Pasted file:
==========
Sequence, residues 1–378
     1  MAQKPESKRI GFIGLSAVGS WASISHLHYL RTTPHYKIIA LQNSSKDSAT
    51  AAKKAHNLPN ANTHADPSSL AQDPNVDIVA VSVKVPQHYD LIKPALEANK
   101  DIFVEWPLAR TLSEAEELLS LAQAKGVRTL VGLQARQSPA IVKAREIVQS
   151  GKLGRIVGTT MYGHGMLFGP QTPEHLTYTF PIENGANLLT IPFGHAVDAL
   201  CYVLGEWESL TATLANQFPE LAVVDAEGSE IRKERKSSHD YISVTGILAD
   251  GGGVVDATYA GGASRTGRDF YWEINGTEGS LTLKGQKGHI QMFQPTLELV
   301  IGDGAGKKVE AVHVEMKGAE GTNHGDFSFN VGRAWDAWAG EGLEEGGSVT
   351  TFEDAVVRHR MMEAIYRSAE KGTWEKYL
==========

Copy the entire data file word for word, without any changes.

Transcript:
Sequence, residues 1–378
     1  MAQKPESKRI GFIGLSAVGS WASISHLHYL RTTPHYKIIA LQNSSKDSAT
    51  AAKKAHNLPN ANTHADPSSL AQDPNVDIVA VSVKVPQHYD LIKPALEANK
   101  DIFVEWPLAR TLSEAEELLS LAQAKGVRTL VGLQARQSPA IVKAREIVQS
   151  GKLGRIVGTT MYGHGMLFGP QTPEHLTYTF PIENGANLLT IPFGHAVDAL
   201  CYVLGEWESL TATLANQFPE LAVVDAEGSE IRKERKSSHD YISVTGILAD
   251  GGGVVDATYA GGASRTGRDF YWEINGTEGS LTLKGQKGHI QMFQPTLELV
   301  IGDGAGKKVE AVHVEMKGAE GTNHGDFSFN VGRAWDAWAG EGLEEGGSVT
   351  TFEDAVVRHR MMEAIYRSAE KGTWEKYL